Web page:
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How Smiths Falls Turned a Chocolate Factory into a Medical Marijuana Plant

How Smiths Falls Turned a Chocolate Factory into a Medical Marijuana Plant
The town of Smiths Falls had a puzzle: what to do when a huge employer - a chocolate factory - left for Mexico. Our Project Money tracks the transition at 1 Hershey Drive from a place where the scent of chocolate once wafted through the town to one where a medicinal marijuana operation is considered an economic cure.

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Share Economy: Band-aid solution or promoting sustainability?

Share Economy: Band-aid solution or promoting sustainability?
From Air BNB ... to Zip Car .. to the Tool Library ... we are increasingly bartering, lending, selling and borrowing items, services and skills. Some say it is creating new community. Others see desperate people needing money and being exploited.

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We spend therefore what are we? Philip Roscoe on how the science of economics threatens our humanity

We spend therefore what are we? Philip Roscoe on how the science of economics threatens our humanity
Some days it seems we are all just one calculation away from salvation or damnation. Author Philip Roscoe argues we have absorbed the language of economics, seeing too many aspects of the world through cost-benefit analysis and losing a little bit of humanity in the process. Our Project Money brings you a lament over a species, rapidly morphing into Homo-Economicus.

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Checking-In: The Triple Package, Cancer Research and How stress levels affect traders

Checking-In: The Triple Package, Cancer Research and How stress levels affect traders
A Wall Street trader-turned-neuroscientist John Coates says volatile markets can trigger a surge of hormones that cause traders to fear risk and lead to financial frailty. We hear from him as we check-in on stories of the week.

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EU report says corruption costs European Union nations $180 billion yearly

EU report says corruption costs European Union nations $180 billion yearly
A new study identifies hundreds-of-billions-of -dollars lost to various forms of corruption in every one of the 28 EU countries. And the numbers would be even higher if we counted corrupt government practices built into legislation.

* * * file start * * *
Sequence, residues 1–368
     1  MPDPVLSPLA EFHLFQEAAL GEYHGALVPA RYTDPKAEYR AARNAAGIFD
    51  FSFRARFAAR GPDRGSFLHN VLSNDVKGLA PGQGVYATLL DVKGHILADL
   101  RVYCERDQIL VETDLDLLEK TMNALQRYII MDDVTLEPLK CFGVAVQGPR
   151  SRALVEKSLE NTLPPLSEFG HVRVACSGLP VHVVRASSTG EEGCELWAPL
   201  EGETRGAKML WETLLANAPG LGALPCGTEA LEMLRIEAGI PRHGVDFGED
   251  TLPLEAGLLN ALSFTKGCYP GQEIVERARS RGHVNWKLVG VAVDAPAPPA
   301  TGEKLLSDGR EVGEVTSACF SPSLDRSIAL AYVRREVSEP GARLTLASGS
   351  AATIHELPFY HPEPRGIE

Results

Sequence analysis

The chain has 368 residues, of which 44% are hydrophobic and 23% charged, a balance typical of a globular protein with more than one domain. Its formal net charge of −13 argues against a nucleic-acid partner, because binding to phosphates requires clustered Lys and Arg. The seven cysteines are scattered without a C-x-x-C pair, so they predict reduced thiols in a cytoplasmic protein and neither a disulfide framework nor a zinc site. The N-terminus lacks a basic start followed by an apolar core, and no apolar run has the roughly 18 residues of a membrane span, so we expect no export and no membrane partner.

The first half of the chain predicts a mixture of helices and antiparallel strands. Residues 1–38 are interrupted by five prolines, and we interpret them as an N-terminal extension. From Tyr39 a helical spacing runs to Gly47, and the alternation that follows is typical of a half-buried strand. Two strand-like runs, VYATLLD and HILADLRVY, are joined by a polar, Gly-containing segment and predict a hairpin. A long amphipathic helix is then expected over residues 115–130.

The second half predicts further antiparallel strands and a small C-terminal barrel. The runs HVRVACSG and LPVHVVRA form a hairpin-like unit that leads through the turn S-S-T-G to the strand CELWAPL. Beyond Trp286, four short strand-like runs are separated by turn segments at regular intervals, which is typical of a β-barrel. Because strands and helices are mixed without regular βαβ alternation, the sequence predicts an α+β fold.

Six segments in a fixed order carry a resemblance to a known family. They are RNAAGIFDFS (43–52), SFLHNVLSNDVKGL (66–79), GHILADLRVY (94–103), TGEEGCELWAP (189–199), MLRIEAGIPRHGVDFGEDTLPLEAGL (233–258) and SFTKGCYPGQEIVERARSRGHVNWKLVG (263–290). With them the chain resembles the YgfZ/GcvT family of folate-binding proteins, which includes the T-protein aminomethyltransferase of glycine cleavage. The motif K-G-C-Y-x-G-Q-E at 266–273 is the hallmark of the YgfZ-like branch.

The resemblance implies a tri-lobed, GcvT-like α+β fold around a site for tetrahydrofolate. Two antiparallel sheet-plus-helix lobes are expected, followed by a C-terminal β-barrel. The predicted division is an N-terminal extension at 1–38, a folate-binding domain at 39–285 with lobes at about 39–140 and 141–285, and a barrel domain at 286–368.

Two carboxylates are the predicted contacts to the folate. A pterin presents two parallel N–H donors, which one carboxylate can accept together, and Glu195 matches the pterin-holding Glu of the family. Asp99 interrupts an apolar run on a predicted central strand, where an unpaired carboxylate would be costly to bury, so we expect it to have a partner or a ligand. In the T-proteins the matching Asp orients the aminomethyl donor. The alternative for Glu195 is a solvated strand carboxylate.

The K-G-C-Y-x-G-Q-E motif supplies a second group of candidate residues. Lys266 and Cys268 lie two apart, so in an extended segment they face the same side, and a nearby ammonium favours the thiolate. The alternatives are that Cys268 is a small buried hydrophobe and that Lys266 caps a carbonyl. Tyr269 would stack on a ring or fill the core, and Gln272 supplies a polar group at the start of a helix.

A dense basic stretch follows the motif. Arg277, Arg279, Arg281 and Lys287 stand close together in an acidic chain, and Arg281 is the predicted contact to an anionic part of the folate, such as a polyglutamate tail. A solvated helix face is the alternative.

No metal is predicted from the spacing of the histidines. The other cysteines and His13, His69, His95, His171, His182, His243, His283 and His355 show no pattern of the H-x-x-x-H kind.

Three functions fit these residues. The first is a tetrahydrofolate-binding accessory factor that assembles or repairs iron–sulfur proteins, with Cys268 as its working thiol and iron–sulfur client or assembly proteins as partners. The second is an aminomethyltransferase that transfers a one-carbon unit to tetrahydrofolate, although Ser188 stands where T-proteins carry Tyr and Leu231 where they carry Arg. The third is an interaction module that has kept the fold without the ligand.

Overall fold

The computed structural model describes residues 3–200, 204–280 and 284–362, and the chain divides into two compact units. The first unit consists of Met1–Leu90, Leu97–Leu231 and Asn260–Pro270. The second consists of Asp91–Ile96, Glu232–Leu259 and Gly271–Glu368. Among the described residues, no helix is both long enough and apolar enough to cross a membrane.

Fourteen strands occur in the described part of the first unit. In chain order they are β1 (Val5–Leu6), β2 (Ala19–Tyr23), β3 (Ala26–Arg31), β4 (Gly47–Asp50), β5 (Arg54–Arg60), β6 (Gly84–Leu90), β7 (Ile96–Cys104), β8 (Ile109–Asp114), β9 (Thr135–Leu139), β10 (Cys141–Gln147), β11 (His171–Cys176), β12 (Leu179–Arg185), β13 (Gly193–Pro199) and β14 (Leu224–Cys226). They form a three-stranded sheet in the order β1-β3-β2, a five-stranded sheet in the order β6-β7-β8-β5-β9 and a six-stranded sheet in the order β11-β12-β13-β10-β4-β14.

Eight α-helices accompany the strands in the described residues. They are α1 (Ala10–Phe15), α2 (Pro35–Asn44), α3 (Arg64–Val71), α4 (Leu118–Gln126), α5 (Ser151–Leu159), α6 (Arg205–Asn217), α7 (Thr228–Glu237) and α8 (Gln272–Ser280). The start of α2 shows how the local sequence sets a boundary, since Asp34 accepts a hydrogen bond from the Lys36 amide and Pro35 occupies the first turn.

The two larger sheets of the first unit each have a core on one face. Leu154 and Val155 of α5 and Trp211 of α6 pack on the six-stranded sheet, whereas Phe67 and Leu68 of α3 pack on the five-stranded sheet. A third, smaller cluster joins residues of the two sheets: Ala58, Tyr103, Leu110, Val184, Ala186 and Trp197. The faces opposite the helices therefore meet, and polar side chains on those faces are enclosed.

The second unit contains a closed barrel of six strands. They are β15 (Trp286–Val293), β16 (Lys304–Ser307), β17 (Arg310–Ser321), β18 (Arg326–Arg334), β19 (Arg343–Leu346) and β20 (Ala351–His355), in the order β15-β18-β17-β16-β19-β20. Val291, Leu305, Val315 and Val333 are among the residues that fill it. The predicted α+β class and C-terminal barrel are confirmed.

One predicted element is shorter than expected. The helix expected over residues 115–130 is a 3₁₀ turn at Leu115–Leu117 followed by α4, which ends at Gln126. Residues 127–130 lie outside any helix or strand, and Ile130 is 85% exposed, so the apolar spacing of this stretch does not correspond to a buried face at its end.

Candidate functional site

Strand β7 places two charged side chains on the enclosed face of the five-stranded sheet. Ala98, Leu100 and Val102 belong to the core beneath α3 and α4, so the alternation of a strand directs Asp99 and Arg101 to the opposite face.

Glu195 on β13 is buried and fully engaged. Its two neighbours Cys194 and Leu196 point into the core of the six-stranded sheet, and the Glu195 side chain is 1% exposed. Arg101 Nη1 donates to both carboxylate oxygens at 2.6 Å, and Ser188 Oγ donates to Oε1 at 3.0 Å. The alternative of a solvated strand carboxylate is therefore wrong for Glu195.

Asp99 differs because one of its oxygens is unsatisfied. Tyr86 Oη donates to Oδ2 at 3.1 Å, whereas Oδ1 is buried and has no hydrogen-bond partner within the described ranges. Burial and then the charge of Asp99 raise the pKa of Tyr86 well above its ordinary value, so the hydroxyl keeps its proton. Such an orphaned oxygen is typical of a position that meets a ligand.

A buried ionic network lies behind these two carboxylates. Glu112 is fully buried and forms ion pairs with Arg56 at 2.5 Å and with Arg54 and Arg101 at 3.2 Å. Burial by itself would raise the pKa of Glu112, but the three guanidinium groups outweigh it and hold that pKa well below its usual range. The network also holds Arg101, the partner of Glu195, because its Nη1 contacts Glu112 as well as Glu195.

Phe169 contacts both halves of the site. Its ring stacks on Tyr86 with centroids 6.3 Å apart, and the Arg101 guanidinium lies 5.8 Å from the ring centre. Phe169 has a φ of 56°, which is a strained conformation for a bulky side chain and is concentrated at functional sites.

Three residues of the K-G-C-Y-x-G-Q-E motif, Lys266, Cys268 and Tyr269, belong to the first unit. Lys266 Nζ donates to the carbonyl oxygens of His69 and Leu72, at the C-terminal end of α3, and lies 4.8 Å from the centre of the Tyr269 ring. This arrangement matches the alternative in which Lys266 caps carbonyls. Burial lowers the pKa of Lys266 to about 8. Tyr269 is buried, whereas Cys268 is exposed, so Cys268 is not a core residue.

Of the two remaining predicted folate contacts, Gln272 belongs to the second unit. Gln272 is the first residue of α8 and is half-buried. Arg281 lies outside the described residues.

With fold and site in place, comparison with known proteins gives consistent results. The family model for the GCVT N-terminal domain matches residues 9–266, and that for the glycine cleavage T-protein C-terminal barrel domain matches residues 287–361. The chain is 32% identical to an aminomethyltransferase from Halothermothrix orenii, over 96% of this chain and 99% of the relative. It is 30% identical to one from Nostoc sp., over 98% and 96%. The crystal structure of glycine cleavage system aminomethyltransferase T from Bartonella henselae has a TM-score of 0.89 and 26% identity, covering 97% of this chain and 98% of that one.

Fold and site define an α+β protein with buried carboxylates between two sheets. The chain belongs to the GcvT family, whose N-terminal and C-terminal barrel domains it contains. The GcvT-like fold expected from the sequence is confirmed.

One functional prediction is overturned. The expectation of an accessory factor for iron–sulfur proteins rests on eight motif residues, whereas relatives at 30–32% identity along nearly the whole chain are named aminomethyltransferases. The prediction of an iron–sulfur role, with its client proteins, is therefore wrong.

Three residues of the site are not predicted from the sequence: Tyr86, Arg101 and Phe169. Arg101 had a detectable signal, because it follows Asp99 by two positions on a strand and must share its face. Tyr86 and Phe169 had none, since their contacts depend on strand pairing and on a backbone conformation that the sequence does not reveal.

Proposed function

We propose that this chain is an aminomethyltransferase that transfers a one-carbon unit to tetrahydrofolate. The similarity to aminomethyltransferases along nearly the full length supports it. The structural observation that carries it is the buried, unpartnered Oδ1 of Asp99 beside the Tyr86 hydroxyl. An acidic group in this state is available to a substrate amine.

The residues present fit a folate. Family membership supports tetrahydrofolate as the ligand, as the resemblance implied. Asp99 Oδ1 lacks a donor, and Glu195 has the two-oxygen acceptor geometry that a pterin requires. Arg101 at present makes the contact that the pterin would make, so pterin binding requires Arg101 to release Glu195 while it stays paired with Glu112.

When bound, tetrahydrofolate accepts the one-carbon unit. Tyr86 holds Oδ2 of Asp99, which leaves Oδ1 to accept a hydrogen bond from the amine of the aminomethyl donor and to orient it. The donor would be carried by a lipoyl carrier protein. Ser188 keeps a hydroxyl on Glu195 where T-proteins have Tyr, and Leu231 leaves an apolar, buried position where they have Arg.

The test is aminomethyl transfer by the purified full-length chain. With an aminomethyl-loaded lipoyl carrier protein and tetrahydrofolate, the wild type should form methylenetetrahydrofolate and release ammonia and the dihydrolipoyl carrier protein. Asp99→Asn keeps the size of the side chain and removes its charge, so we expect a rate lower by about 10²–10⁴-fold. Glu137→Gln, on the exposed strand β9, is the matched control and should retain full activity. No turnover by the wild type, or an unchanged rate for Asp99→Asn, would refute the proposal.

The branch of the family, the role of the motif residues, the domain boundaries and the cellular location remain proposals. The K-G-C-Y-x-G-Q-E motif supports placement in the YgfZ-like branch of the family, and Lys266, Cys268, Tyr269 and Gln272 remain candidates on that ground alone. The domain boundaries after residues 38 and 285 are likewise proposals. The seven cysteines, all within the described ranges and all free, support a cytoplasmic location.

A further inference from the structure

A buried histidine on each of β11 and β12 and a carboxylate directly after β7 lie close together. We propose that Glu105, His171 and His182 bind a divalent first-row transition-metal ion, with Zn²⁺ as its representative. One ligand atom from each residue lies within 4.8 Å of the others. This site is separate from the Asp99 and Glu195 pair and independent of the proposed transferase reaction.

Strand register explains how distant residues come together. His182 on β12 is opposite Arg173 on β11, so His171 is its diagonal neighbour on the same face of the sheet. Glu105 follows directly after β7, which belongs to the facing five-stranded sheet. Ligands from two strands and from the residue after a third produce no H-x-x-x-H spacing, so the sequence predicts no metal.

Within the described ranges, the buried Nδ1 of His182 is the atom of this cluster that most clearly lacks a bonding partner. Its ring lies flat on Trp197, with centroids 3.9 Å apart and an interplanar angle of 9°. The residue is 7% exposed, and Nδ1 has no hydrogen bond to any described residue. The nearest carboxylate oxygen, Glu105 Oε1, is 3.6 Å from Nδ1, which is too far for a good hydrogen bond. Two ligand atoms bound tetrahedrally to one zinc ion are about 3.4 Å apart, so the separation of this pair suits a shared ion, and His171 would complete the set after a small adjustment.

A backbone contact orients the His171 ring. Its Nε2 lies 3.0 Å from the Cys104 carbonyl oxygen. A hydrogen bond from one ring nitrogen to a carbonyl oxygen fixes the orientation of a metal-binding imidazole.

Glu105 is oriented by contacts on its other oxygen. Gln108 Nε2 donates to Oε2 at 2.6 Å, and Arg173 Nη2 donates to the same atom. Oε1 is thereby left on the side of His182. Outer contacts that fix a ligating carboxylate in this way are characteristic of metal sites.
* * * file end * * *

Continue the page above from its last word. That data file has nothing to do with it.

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Spain's Smurf Village saves a town from tourism blues

Spain's Smurf Village saves a town from tourism blues
When a money tree grew in the Smurf neighbourhood it appeared as if good times had come to the village. And in one small Spanish town their money tree relies on Smurf-themed tourism, complete with Smurf-blue buildings and that bold blue body paint.

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The income gap between tenure faculty & adjunct contract professors in Canadian universities

The income gap between tenure faculty & adjunct contract professors in Canadian universities
If you've got a university student in the family, increasingly they may be being taught by a highly educated professional who can't get full time work. Or make a living wage. Today, Project Money looks at impoverished professors.

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Checking-In: Minimum Wage Wars

Checking-In: Minimum Wage Wars
Our special on minimum wager triggered lots of emotion, lots of reaction and more questions of poverty, competitiveness, immigration and living in a parent's basement. We share some of your thoughts on our special, Project Money: Minimum Wage Wars.

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VIDEO: A Day in the Life of Acsana Fernando

VIDEO: A Day in the Life of Acsana Fernando